Dirk Nowitzki’s leadership may be needed more than ever this upcoming season

DALLAS — With an NBA MVP, a Finals MVP and 12 All-Star appearances to his credit, it’s easy to see why Dirk Nowitzki is the face of the Dallas Mavericks.

Pushing the Mavericks back into the playoffs last season for the 13th time in the last 14 years, Nowitzki once again had no problem putting the franchise on his back. However, with the free-agent departures of veterans Vince Carter and Shawn Marion, Nowitzki will be called upon more than ever to be a leader for the new-look Mavs this upcoming season.

Playing the entire 2013-14 season at the age of 35, Nowitzki didn’t skip a beat while leading the Mavericks to the playoffs by averaging a team-high 21.7 points a game during his 80 appearances. He also had one of his most efficient seasons, connecting on 49.7 percent from the field, 39.8 percent from three-point range and 89.9 percent at the free-throw line to finish just shy of another 50-40-90 season.

Nowitzki continued to write his name in the annals of NBA history as well, passing Oscar Robertson (26,710) for 10th on the league’s all-time scoring list. Still, it’s Nowitzki’s quiet leadership that his teammates turned to most while pushing the eventual champion San Antonio Spurs to seven games during the first round of last season’s playoffs.

“He’s a great teammate,” Mavs guard Devin Harris told SiriusXM NBA Radio last Friday when asked about playing alongside Nowitzki. “You know, he doesn’t say much. He kind of leads by example. He’s probably one of the hardest guys I’ve ever seen work at his game the way he does. He comes in and works every day, doesn’t take a day off, and he goes out there and does it every night. He’s a leader to step forward, and as the face of the franchise he’s easy to follow.”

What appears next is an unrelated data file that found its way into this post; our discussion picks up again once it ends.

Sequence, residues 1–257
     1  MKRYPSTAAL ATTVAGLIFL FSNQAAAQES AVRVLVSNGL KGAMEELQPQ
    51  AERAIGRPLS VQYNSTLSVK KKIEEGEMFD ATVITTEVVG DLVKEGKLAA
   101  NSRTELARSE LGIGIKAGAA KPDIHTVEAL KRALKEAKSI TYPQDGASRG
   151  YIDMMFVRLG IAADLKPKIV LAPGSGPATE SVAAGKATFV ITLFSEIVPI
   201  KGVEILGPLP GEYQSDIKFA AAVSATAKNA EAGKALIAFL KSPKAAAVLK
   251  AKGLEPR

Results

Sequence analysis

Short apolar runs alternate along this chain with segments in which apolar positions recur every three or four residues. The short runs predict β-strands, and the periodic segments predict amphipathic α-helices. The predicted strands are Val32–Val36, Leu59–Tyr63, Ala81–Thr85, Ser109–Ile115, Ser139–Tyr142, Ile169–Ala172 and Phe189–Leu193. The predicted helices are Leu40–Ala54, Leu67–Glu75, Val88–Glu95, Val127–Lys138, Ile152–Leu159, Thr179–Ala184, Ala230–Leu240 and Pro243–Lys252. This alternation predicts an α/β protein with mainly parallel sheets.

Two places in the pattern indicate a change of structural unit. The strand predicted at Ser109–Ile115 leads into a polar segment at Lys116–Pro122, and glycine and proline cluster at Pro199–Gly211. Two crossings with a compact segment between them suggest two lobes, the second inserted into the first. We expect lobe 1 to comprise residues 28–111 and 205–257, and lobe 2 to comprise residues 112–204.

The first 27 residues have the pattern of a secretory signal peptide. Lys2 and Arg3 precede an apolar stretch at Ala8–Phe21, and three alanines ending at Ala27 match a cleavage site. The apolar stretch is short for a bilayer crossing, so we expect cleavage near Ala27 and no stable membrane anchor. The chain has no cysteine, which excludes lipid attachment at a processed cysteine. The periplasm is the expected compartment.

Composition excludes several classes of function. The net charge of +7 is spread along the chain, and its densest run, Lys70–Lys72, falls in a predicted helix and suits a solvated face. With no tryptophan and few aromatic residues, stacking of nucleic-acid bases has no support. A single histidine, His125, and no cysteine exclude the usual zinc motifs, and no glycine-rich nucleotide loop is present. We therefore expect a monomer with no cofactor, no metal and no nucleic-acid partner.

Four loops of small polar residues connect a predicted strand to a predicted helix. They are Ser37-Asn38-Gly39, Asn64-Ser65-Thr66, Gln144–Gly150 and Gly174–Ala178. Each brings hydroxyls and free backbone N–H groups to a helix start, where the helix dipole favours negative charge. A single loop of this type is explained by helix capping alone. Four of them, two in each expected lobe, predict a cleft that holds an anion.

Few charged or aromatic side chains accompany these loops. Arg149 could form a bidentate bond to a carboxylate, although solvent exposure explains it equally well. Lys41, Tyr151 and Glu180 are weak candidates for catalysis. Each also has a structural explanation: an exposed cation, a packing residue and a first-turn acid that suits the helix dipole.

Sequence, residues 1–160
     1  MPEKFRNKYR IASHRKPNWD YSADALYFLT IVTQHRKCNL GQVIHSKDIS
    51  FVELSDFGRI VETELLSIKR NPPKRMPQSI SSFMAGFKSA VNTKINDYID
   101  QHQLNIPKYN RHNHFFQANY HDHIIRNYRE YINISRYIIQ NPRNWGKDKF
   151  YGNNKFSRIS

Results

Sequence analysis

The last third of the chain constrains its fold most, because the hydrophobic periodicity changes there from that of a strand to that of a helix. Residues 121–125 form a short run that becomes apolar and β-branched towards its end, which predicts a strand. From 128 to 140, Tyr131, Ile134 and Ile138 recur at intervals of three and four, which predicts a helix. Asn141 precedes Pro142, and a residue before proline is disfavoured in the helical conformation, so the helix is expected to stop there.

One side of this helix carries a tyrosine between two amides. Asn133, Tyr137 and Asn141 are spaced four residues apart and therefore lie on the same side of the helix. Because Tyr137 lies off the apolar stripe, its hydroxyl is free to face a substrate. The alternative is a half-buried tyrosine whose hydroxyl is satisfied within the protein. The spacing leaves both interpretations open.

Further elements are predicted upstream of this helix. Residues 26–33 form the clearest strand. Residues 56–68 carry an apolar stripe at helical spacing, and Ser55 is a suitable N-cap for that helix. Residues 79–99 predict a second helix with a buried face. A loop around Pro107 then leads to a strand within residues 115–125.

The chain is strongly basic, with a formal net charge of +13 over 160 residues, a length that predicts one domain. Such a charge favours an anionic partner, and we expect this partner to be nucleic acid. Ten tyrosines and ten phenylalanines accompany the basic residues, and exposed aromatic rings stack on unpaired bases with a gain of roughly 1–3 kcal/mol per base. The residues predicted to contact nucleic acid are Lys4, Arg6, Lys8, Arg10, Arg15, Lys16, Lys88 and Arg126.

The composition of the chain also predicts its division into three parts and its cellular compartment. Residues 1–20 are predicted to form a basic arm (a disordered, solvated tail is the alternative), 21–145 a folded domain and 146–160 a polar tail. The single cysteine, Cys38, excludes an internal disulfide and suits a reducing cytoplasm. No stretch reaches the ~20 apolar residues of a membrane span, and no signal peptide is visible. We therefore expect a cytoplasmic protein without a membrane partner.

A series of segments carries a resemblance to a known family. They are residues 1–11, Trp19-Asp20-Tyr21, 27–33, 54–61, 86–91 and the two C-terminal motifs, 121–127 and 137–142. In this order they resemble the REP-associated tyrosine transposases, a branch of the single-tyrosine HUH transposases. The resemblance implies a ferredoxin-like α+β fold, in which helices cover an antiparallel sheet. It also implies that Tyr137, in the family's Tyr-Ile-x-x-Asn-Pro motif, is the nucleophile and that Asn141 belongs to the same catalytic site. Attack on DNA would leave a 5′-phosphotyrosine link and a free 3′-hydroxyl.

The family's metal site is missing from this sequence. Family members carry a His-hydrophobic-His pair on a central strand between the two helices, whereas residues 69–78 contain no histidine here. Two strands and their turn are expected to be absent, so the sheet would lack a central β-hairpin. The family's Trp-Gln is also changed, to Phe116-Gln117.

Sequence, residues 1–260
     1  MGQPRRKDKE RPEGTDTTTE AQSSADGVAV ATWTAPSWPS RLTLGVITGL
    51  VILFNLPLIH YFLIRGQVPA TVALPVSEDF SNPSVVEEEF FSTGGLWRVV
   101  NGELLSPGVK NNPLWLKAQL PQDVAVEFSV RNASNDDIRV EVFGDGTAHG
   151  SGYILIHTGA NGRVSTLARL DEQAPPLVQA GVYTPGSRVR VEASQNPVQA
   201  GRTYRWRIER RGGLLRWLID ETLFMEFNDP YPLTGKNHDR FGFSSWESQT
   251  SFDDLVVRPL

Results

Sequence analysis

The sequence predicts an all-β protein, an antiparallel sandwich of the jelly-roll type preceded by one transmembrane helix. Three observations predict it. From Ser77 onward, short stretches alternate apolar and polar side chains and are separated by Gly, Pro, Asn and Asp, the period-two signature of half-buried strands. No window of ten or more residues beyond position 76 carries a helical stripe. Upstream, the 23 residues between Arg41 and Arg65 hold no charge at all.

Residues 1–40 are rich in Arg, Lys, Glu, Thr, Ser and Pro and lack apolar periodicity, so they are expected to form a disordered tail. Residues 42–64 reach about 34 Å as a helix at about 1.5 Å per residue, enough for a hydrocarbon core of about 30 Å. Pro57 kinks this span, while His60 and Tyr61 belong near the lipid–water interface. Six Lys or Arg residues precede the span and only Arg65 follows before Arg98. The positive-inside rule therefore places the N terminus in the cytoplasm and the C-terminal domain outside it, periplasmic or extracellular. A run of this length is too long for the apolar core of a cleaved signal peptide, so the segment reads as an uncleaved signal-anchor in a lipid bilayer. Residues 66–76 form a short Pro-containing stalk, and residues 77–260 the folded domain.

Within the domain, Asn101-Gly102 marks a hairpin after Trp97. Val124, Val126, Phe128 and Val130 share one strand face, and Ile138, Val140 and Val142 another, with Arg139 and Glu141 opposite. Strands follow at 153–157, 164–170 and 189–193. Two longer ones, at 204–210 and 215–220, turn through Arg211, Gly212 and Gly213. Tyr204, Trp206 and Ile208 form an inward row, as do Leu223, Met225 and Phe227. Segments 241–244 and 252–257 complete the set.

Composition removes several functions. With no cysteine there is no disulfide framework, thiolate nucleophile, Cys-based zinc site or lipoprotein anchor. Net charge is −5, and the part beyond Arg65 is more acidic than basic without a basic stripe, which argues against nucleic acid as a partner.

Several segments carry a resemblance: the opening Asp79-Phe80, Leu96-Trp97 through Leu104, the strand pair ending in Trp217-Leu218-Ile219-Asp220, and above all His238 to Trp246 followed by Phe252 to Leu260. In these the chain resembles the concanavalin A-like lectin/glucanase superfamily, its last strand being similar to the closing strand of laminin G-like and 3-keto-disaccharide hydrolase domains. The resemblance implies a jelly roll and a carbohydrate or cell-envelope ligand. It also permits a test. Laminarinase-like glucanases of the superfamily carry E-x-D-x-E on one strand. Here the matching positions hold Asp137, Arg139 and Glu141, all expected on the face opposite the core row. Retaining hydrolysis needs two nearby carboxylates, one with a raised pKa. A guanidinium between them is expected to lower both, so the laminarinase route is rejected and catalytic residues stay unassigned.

With the emergence of 2-guard Monta Ellis last season, Nowitzki was afforded the luxury of taking a small step back on the offensive end while the cat-quick newcomer attacked off the dribble. Still, even Ellis admits that his relentless attacks toward the rim were often predicated on opposing defenses’ respect for Nowitzki’s shooting ability, which stretched the floor.

“This is still Dirk’s team,” Ellis proudly proclaimed during last year’s playoff run. “I think him just being on the floor still makes us better, even when he’s not knocking shots down, ’cause teams still respect him. He’s still a threat on the floor, so it really still opens up a lot. And even if his shot is not going down, he’s still a big part of us winning and making shots and creating the space that we need to make plays for ourselves.”

But simply spacing the floor for Ellis’ drives into the heart of the defense is not all that Nowitzki will be tasked with this upcoming season. Entering his 17th season, the 36-year-old Nowitzki will also be handed the responsibility of mentoring new addition and budding star Chandler Parsons, 25, after the young forward signed with the Mavericks as a restricted free agent this summer.

Spending his first three seasons with the rival Houston Rockets, Parsons will try to elevate his game to another level in Dallas. In order to do so, however, the former Florida standout and 38th pick in the 2011 draft confesses that he has much to learn from Nowitzki’s work ethic and knowledge of the game.

“Dirk, obviously, was one of my favorite players growing up, and I’ve developed a close relationship with him throughout the years. So, it will be amazing to be able to play with him,” Parsons told reporters last month after signing with the Mavs.

He added: “[Nowitzki] is such a smart player. You know, he’s an unbelievable tutor. He’s such a student of the game. And everything that he does, I’m just going to be a sponge and absorb everything. I look forward to getting in the gym with him, getting there early and getting shots up with him. … It’s not often you get to play with one of the greatest of all time, so I look forward to absorbing any info I can. And we’re definitely going to be bouncing some things off each other for my time here.”